Friday, March 25


That's the question some people like to bring up about animal testing - after all, "a cure for cancer" is the holy grail of both science and rhetoric, used as a trump card in many hypothetical scenarios across many topic areas. But what if it's already here, it's just a cure people don't want to take? There is at the very least some interesting anecdotal evidence that might make the more serious-minded among us take a closer look at that question.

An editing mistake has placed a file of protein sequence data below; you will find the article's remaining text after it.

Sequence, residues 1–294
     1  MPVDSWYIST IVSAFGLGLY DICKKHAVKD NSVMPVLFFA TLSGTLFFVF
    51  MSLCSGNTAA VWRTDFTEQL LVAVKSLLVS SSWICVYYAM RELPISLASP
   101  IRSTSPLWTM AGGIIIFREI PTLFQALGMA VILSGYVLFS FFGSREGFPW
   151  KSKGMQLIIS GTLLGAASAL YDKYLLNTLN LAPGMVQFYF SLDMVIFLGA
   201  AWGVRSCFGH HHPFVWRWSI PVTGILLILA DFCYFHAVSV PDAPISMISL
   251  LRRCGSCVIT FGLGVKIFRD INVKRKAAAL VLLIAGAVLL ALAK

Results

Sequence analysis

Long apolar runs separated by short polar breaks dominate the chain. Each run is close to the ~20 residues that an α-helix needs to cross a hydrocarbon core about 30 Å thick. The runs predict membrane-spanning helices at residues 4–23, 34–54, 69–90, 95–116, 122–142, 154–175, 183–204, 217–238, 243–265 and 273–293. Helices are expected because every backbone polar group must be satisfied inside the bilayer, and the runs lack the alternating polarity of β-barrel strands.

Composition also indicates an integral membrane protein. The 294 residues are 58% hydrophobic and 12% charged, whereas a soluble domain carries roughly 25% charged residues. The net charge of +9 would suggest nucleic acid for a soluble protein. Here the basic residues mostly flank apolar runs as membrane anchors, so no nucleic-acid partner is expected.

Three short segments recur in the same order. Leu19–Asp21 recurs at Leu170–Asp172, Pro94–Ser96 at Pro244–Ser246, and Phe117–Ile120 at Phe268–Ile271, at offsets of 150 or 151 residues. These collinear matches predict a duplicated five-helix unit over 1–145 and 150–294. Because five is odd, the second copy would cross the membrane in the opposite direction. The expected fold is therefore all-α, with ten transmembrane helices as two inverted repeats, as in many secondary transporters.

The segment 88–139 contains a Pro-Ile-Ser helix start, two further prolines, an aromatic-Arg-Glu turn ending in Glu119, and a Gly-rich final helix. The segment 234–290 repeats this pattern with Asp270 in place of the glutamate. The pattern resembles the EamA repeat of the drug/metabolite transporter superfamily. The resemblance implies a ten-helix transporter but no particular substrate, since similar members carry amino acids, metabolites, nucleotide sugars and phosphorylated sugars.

In the story "Heather: Vegetarian diet saved me from cancer" we hear that "Heather Mills McCartney claims a vegetarian diet may help cure cancer. The former model has joined husband Sir Paul in extolling the virtues of a meat-free lifestyle." She relates that after trying all sorts of drugs to treat her condition, "In desperation, I went to the States. The moment I arrived they took me off all my medication... Just 10 days of a strict vegetarian diet, wheatgrass juice and placing garlic poultices on my wound (Owwww!) and I was healed - as were scores of people around me, from addicts to cancer sufferers and non-insulin dependent diabetics." She added: "I managed to stay meat and fish-free for years. When I briefly went back to eating it, it coincided with my contracting cancer of the uterus. I vowed from then on that vegetarianism was the healthy lifestyle for me."

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